The Alaska Board of Fisheries will consider an emergency petition from the city of Adak to partially disregard fishing closures in state waters. The federal government proposed the closures to protect food sources for Steller sea lions in the central Aleutian Islands.
The board is set to take up the matter at its meeting Jan. 16-19 at the Anchorage Hilton Hotel.
Adak has proposed the board keep the 2010 regulations in place in an area between 178 degrees west longitude and 175 degrees west longitude -- from the middle of Tanaga Island to the western edge of Atka Island -- in state waters within three miles of shore.
The state-managed cod fishery in the Aleutians -- set at 3 percent of the federal acceptable biological catch -- is unaffected by the proposed federal action. What is affected is the parallel cod fishery in state waters, where the catch counts against the federal quota.
It is possible the federal government could reinitiate consultation under the Endangered Species Act if the Board of Fisheries elects to open a parallel cod fishery adjacent to closed federal waters.
Consultation would determine if fishing management creates jeopardy or adverse modification to critical habitat for listed species. While the federal rules to protect Steller sea lion food sources did anticipate that cod removals would continue in the state managed fishery, it sets limits for additional removals that come from federal allocations in the central Aleutians.
According to the ESA, reinitiation of consultation is required "if the identified action is subsequently modified in a manner that causes an effect to the listed species or critical habitat that was not considered in the biological opinion."
For now, the wide-ranging federal closures are in place in state waters after the annual emergency order from the Alaska Department of Fish and Game commissioner that opens the parallel groundfish fishery and establishes management rules that generally mirror federal rules.
Cora Campbell, who awaits confirmation as commissioner, issued the emergency order Jan. 1, but wrote that she "strongly considered" not imposing the federal closures in state waters and "would not have adopted" them but for the fact that the Board of Fisheries will take up Adak's petition in time for fishing to take place.
"Upon the board's adoption of any new regulatory measures, the commissioner will immediately replace this (emergency order) with a new EO implementing the board's direction," the order stated.
The order states Campbell will support adoption of state regulations to allow a parallel cod fishery adjacent to closed federal waters, similar to other exceptions at Cape Barnabas on Kodiak and Caton Island off the south Alaskan Peninsula.
Since 2005, state management by law has generally mirrored federal management for Steller sea lion protection measures and the assumption by the federal government was that statute would apply to the new closures.
However, the latest protection measures have set off a row between the state, the North Pacific Fishery Management Council and National Marine Fisheries Service. In August, the North Pacific council unanimously suggested more surgical closures that were almost entirely rejected by NMFS in October.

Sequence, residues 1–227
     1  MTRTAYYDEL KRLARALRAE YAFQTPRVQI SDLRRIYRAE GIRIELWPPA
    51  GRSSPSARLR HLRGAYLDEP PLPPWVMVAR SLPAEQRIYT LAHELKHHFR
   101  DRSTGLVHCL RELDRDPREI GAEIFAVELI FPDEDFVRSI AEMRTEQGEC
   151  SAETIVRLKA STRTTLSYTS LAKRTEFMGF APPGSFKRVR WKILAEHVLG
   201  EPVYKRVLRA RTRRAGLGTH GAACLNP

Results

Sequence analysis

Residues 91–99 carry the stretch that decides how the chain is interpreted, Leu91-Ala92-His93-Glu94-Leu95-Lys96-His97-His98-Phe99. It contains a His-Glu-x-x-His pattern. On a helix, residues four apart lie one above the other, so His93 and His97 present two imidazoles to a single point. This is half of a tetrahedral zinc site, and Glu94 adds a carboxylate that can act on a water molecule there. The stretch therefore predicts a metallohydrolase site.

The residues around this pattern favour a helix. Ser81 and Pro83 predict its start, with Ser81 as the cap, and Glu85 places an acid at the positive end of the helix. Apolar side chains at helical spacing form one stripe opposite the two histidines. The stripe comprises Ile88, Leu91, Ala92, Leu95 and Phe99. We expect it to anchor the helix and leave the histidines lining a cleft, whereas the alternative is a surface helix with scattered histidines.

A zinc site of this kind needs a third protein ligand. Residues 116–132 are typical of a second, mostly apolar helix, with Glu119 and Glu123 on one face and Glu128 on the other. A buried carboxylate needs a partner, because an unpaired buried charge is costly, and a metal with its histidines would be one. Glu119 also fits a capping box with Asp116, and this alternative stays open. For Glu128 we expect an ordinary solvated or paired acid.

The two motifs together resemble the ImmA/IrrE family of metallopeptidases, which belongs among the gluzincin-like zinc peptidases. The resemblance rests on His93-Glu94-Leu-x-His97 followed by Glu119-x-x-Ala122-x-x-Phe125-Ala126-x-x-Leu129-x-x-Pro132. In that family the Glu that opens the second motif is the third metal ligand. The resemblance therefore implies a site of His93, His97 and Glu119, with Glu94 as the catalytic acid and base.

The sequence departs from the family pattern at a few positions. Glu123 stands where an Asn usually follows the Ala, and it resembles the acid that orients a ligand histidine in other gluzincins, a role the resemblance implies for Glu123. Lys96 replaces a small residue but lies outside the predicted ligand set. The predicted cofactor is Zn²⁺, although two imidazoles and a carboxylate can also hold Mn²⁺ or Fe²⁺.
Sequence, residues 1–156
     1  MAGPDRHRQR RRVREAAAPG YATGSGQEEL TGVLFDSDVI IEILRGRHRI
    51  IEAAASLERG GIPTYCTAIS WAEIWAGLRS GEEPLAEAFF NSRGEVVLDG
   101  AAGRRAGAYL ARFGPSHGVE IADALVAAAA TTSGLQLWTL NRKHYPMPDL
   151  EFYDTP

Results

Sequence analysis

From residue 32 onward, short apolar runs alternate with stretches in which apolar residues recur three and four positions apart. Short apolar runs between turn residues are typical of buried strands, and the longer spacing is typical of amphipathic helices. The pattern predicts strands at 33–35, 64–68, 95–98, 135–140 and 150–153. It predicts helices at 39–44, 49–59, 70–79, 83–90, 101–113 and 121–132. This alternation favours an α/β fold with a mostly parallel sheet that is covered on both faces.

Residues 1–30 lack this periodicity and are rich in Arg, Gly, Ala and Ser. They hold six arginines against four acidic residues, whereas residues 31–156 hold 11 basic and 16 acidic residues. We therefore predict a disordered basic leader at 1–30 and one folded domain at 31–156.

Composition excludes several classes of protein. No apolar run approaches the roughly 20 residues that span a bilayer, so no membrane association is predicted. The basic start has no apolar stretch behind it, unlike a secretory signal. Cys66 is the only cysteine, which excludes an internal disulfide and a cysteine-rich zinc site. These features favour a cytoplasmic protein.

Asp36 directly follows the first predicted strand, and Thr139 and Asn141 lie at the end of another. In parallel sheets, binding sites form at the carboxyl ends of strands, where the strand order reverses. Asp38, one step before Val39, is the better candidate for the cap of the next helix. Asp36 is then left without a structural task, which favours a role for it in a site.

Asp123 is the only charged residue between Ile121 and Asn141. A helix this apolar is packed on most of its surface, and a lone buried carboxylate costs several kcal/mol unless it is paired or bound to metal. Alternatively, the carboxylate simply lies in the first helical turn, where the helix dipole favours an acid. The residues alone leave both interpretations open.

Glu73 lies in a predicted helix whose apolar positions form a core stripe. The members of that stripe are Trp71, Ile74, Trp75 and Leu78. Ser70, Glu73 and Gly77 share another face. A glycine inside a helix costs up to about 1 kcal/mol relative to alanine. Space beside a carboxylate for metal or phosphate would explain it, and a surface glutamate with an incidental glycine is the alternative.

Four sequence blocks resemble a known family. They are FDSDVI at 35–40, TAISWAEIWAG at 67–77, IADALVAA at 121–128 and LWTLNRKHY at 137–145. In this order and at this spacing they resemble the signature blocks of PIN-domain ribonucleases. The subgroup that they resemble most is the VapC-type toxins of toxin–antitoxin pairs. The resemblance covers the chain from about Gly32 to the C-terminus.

NMFS issued an interim final rule Dec. 13 for severe Pacific cod and Atka mackerel closures effective Jan. 1 in the central and western Aleutians based on a theory that fishing is causing nutritional stress for the endangered Steller sea lions and contributing to the population decline. According to NMFS, though, only one of 14 measured indicators supports the theory of nutritional stress.
The state sued NMFS Dec. 14, assailing the scientific basis for the closures as flawed and alleging the federal government didn't follow the legal requirements of the Endangered Species Act, Magnuson-Stevens Act, the National Environmental Policy Act and the Administrative Procedures Act.
As of Jan. 4, no hearing had yet been scheduled in the case.
Under state law, the Board of Fisheries may recognize an emergency as "an unforeseen, unexpected resource situation where a biologically allowable resource harvest would be precluded by delayed regulatory action and such delay would be significantly burdensome to the petitioners because the resource would be unavailable in the future."
Adak selected the area east of 178 degrees west longitude because, according to NMFS' biological opinion, the Steller sea lion populations are growing east of that boundary under current management. The BiOp also states that were it not for the decline in two subregions (central and western Aleutians), the overall population would be considered to be in recovery.
NMFS is now considering a petition from the states of Alaska, Washington and Oregon to de-list the eastern stock of Steller sea lions from the endangered species list based on its growing numbers.
Also at its January meeting, the Board of Fisheries plans to take up another federal request for closing state waters to all groundfishing around Kanaga Island and Ship Rock on Adak Island. Kanaga Island (just west of Adak) has been designated as a rookery, or breeding area, which earns more protection than a haulout, or resting area.
The state manages a small sablefish fishery in the area NMFS is asking to be closed, as well as the state cod fishery.
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